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    From Mission to Parish: St. Peter Claver Catholic Church, Lexington, Kentucky


    Dwyer, Owen and Gilmartin, Mary (2001) From Mission to Parish: St. Peter Claver Catholic Church, Lexington, Kentucky. Southeastern Geographer, 41 (2). pp. 296-305. ISSN 0038-366X

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    Abstract

    The sweeping economic and demographic changes that have transformed the post- World War II South into a diverse, economically vital region have, among other consequences, prompted the marked growth of the Catholic Church in that region (Webster, 2000). In Lexington, Kentucky, no fewer than eight parishes, all of them built in the city's suburbs, have been created over the past 50 years, and there are plans for more in the near future (Weglicki, 1 993). Not surprisingly, given American Catholicism's European heritage, the vast majority of worshipers attending these parishes are White. In light of these trends, St. Peter Claver2 church, an inner-city, century-old African American parish in Lexington, offers a point of contrast that illustrates the contours of the evolving verities of race and religion in the South.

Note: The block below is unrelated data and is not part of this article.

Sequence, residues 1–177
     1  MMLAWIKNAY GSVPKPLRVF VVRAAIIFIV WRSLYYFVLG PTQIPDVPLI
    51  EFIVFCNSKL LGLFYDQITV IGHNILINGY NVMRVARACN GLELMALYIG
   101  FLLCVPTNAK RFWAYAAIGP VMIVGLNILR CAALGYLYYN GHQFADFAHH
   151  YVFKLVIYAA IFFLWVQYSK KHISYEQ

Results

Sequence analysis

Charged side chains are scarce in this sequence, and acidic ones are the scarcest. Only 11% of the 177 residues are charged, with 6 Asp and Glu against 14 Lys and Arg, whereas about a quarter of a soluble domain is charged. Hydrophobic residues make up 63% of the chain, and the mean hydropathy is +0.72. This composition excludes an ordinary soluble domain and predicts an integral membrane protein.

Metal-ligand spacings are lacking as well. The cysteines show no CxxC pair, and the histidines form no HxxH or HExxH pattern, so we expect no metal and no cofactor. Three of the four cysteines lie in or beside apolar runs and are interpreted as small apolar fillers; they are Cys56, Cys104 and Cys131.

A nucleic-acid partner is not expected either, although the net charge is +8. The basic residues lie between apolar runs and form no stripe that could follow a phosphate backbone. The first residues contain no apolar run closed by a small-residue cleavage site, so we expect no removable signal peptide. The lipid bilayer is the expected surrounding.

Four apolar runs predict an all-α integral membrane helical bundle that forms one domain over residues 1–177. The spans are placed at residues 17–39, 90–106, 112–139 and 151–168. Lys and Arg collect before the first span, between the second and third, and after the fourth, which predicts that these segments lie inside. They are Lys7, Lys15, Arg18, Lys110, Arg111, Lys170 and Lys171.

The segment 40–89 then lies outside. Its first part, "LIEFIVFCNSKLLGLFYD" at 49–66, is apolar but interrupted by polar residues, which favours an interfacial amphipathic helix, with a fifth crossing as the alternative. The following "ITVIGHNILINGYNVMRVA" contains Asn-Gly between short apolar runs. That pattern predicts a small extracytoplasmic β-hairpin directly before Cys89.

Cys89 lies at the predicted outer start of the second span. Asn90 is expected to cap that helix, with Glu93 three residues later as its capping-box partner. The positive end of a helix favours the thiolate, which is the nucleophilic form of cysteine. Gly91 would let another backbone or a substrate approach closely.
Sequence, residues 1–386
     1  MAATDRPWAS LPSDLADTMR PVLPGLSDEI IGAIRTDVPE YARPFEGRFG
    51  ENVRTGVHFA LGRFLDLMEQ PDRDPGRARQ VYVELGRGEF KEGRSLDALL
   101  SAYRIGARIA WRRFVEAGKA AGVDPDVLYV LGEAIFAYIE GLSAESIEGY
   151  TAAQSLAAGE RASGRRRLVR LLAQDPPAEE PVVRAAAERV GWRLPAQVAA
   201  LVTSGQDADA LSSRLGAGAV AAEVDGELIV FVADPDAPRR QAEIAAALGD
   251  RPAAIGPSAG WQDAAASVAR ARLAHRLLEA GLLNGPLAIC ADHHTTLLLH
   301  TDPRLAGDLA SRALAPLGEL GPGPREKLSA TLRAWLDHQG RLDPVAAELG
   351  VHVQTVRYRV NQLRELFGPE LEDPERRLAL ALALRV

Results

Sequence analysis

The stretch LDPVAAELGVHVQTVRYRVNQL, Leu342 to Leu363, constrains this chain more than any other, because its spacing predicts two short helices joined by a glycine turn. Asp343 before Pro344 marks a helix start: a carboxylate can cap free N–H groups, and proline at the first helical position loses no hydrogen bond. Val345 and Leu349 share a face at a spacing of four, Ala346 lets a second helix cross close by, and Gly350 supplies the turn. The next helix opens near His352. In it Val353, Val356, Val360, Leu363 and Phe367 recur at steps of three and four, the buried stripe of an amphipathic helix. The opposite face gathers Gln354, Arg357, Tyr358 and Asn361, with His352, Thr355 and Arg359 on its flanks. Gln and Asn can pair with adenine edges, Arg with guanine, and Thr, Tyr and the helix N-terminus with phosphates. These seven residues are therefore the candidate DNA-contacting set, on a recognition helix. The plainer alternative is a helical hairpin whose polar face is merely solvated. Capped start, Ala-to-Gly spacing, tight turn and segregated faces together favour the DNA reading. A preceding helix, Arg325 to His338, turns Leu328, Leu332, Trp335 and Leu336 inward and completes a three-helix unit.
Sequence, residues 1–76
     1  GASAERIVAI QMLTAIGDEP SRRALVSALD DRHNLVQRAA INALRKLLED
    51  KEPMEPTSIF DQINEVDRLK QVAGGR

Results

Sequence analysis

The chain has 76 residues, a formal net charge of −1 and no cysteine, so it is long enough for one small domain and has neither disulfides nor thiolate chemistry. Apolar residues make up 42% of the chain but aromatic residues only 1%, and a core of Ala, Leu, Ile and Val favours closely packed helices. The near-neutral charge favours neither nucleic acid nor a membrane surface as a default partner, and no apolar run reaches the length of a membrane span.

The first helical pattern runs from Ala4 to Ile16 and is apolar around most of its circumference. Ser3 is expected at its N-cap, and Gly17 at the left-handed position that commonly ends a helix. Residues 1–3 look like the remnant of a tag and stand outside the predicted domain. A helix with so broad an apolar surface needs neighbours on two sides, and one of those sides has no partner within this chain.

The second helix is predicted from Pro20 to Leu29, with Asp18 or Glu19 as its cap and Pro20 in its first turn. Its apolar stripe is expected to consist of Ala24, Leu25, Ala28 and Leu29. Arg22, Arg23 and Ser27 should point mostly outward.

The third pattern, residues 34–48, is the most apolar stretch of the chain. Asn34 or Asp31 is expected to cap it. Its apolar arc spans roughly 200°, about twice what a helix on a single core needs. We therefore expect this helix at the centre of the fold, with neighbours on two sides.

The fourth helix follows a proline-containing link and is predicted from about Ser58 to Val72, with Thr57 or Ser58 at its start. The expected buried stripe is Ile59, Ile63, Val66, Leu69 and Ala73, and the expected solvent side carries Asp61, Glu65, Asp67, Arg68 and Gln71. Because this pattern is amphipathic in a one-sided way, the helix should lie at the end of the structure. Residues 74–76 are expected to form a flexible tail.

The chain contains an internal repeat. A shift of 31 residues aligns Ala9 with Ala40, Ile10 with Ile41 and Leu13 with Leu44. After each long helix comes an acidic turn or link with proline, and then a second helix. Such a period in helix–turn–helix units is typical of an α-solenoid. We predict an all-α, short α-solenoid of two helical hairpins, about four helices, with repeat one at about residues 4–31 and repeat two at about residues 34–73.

Item Type: Article
    Keywords: Mission to Parish; St. Peter Claver Catholic Church; Lexington; Kentucky;
    Academic Unit: Faculty of Social Sciences > Geography
    Item ID: 8862
    Identification Number: https://doi.org/10.1353/sgo.2001.0021
    Depositing User: Dr. Mary Gilmartin
    Date Deposited: 02 Oct 2017 13:54
    Journal or Publication Title: Southeastern Geographer
    Publisher: University of North Carolina Press
    Refereed: Yes
    URI:

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